Group Trail Walk Opportunities this Summer!

Click here for printable version: Group Trail Walks 2017 

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Join the 100 Mile Challenge this summer!

This summer the Forest County Health Department encourages people of all ages to get out and enjoy the beautiful scenery of Forest County and improve your health by completing our 100 Mile Challenge.  The challenge starts June 1st and ends August 31st and you can walk, run, stroll, bike or paddle your way to better health!  Physical activity decreases your risk of disease, makes you stronger, improves your mental health and helps you sleep better.  It is also a healthy way to socialize and connect with others.

Keep track of your miles on the tracking log and turn them in at the end of August.  Those who complete 100 miles or more will receive a custom “100 Mile” pin, will be entered into a drawing for a $100 gift card and will also be added to our 100 Mile Club list of all people who completed the challenge.

There are some other great programs this summer that you won’t want to miss and will help you reach your mile goals.  There is a 30 Days Wild Program that will get you and your family out exploring nature and a Library Summer Bingo Program- watch for more information coming soon from the Crandon Public Library.   There will be a Garden Tour in July and there are multiple opportunities to enter 5K walk/runs this summer.  You can stay tuned of current events on the Forest County Chamber of Commerce Website at www.goforestcounty.com.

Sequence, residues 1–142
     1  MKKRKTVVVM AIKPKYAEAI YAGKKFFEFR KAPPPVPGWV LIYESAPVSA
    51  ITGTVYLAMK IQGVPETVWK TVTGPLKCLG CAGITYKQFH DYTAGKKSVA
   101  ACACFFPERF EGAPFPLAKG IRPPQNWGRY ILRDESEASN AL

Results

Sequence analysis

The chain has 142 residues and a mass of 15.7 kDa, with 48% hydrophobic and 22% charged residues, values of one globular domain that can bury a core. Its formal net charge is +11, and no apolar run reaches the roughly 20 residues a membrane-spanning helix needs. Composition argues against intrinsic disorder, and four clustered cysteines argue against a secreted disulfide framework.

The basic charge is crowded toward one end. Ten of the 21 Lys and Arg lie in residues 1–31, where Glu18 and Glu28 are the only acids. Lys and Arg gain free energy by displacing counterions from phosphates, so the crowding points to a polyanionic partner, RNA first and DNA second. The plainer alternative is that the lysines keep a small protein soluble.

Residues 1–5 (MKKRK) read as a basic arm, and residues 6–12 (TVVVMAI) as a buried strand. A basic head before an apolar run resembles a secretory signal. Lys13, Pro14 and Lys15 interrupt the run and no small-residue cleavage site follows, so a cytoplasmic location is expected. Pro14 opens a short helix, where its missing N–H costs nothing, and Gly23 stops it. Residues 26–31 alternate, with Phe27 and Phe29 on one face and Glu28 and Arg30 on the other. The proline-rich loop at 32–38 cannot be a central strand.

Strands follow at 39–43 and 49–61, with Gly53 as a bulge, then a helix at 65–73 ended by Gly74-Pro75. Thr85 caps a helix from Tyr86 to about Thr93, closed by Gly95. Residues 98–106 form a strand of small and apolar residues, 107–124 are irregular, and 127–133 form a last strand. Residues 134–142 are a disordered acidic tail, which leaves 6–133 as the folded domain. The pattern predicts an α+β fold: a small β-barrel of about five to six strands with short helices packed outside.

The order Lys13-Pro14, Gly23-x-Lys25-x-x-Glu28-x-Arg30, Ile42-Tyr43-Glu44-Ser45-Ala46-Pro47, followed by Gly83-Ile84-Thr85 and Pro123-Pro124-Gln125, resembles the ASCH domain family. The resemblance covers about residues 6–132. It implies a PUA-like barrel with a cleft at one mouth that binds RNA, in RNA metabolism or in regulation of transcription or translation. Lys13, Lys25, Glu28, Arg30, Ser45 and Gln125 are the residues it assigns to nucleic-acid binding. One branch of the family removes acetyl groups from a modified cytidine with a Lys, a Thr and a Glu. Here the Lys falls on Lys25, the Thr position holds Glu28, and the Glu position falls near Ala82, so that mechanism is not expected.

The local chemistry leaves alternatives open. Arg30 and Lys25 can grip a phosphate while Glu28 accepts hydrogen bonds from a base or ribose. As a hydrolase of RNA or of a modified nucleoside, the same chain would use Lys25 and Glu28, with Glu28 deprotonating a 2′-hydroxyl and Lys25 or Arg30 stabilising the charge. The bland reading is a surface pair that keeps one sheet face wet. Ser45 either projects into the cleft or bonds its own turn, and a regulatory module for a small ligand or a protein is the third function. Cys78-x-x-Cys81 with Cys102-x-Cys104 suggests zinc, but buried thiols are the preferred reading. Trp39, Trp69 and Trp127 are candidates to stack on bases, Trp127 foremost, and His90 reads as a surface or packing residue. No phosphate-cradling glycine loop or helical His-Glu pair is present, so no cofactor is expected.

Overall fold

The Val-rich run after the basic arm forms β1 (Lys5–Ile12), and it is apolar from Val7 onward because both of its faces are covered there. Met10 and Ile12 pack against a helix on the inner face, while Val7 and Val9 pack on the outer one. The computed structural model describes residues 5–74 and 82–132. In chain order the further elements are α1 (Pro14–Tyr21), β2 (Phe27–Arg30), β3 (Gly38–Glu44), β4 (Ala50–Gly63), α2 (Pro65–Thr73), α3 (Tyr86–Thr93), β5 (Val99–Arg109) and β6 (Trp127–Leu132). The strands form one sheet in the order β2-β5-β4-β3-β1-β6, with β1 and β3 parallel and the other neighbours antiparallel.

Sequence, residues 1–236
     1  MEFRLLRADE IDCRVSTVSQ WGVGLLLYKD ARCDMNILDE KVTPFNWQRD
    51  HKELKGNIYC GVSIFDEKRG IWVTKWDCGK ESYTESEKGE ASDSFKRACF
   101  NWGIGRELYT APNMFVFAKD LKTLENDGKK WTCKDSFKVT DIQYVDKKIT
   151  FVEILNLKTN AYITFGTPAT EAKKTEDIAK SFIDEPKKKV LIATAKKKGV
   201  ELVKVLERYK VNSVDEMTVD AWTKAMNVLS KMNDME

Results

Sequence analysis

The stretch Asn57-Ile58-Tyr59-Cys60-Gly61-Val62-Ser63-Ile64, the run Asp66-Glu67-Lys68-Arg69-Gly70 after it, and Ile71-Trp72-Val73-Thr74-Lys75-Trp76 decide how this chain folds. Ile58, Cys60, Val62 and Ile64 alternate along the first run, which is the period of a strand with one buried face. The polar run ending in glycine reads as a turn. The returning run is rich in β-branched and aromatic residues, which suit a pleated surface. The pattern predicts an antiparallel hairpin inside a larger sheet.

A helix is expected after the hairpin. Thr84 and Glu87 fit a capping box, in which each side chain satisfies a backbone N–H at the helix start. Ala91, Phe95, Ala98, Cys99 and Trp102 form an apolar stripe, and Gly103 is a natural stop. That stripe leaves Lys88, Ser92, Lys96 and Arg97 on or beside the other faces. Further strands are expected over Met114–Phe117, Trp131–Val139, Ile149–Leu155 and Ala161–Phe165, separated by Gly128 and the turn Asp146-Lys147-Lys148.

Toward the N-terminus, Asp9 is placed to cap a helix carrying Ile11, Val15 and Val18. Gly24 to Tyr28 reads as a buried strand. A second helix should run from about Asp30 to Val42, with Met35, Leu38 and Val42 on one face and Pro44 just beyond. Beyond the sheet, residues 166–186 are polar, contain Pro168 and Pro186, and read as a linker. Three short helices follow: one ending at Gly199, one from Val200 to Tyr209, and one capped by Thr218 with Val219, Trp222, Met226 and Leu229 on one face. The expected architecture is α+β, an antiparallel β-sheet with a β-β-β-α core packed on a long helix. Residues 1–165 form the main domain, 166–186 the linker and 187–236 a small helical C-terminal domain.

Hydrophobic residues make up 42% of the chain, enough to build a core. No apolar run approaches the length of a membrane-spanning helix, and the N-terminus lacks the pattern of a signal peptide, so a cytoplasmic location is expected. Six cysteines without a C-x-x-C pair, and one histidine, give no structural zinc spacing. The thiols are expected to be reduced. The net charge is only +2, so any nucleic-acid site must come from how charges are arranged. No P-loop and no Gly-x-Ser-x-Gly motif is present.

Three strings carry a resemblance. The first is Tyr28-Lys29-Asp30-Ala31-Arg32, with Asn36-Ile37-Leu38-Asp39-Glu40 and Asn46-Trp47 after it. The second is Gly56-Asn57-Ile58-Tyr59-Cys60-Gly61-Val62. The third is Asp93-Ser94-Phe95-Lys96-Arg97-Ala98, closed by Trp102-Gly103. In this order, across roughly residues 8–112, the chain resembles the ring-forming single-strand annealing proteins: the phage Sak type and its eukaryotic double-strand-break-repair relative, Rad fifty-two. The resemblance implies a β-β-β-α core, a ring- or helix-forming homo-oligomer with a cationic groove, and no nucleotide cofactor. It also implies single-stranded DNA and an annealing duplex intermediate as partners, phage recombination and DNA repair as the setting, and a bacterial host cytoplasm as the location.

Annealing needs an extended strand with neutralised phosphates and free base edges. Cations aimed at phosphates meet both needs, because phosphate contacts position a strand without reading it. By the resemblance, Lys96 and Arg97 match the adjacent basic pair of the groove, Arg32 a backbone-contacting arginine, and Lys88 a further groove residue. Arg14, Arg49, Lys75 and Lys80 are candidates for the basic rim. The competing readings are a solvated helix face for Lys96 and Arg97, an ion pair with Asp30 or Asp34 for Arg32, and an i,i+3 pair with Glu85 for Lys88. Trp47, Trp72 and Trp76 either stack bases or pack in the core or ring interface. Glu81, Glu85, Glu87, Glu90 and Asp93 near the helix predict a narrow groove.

Also, Forest County has received designation as a Scenic Byway in honor of two of its nationally recognized resources; the Wolf River and the Nicolet National Forest.  A variety of recreational opportunities are available ranging from activities on the multi-use trail systems to water based sports.  There is a mobile friendly website that will allow you to explore the Byway’s trails maps with parking information, campgrounds and more.  https://www.nicolet-wolfriver-scenicbyway.com/

If you have ever wanted to visit some of the walking/hiking trails but you are not sure where to go or how to get there, we will be having some group walks this summer to help you out.  The first walk will be June 14th at Rat River Trail in Blackwell.  We will meet at the Blackwell Town Hall at 6:00 pm.  On June 21st we will meet at the Crandon Farmer’s Market on the courthouse grounds at 3:30 pm and walk part of the Crandon City Pedestrian Trail.  We will publish a full list of other group walks soon.

Visit the Health Department at the courthouse in Crandon or a Forest County library to pick up a packet.  Like us on Facebook to follow the progress and get more tips.  If you have questions about your health or your activity level, please talk with your doctor.  Please feel free to call us with any questions at 715-478-3371.

Click here to view the printable 100 Mile Tracking Log

Click here for printable Forest County Area Trails Brochure and Forest County Area Canoe Trails Brochure

 

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Celebrate Screen-Free Week!